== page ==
“66(1). Where in a written law a penalty is prescribed for an offence under that written law, that provision shall, unless a contrary intention appears, mean that the offence shall be punishable by a penalty not exceeding the penalty prescribed”.
Section 26 on the other hand states that;
“26(2) Save as may be expressly provided by the law under which the offence concerned is punishable, a person liable to imprisonment for life or any other shorter period may be sentenced to any shorter term.
(3) A person liable to imprisonment for an offence may be sentenced to a fine in addition to or in substitution for imprisonment”.
The court further explained that although trafficking in narcotic drugs is a more serious offence, the use of the phrase “shall be guilty of an offence and liable”, did not import a mandatory sentence. That explains why in Priscilla JemutaiKolongei v R (2005) 1 KLR 7 the appellant who was convicted of trafficking 27.8 kgs of heroin was sentenced to 18 years imprisonment plus a fine and not the prescribed life imprisonment plus a fine. Gathara v R (2005) 2 KLR 58is another example where the appellant was sentenced to 10 years imprisonment plus a fine for trafficking in 11 bags of cannabis. As can be seen from the dates of these cases both the learned trial magistrate and Judge still relied on the Chukwu case even though courts had departed from its position.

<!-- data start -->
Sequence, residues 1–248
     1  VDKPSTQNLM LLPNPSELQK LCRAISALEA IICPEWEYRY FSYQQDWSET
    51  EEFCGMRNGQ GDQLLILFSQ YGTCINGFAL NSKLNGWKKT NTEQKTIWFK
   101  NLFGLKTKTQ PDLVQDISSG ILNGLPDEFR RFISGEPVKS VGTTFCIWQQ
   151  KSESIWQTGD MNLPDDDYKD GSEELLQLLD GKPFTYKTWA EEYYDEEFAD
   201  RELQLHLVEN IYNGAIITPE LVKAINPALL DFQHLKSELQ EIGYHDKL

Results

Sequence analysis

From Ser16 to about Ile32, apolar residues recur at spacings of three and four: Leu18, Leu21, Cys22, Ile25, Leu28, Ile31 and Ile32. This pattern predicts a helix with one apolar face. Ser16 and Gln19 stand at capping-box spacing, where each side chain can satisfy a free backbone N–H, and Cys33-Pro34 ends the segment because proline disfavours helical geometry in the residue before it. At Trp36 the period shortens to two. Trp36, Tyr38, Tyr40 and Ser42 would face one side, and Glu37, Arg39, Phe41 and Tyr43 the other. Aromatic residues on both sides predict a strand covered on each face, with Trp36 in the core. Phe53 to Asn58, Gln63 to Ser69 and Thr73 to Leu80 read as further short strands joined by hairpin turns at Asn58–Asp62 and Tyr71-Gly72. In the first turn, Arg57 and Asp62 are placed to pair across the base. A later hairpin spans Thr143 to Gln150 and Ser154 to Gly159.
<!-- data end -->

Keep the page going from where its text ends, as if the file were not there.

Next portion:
This Court, in addition but in more recent decisions of Carolyne Anna Majabu v R Cr. Appeal No. 65 of 2014, Kabibi KalumeKatsui v R, Msa Cr. App. No. 90 of 2014, and Antony Mbithi Kasyula v R, Criminal Appeal No. 134 of 2012has reiterated that the word “liable” in section 4(a) of the Act merely provides for a likely maximum sentence and allows a measure of discretion to the court in imposing a sentence with a maximum limit being indicated. In Antony Mbithi (supra), after observing that the quantity of drugs with which the appellant was found was substantial, and that from that quantity it was apparent he was a serious drug dealer the court confirmed the life sentence in addition to Kshs.1 million imposed by the High Court. Therefore, depending on the quantity and value of the drugs, the past relevant record of the accused, the court retains its discretion to impose, as it did in the above case, the maximum sentence.
For the foregoing reasons the appeal on conviction is accordingly dismissed. However regarding sentence, considering the appellant’s past record, a previous conviction for a similar offence, and in view of the quantity of the drugs he was found transporting, and having regard to what we have said about the sentence under section 4 (a) of the Act, we allow the appeal on sentence by substituting the life sentence with 10 years imprisonment and in place of a fine of Kshs.1,000,000 we impose a fine of Kshs.10,000, and in default the appellant to serve three months imprisonment.
Dated and delivered at Mombasa this 11th day of March 2016
JUDGE OF APPEAL
JUDGE OF APPEAL
JUDGE OF APPEAL
I certify that this is a true copy of the original.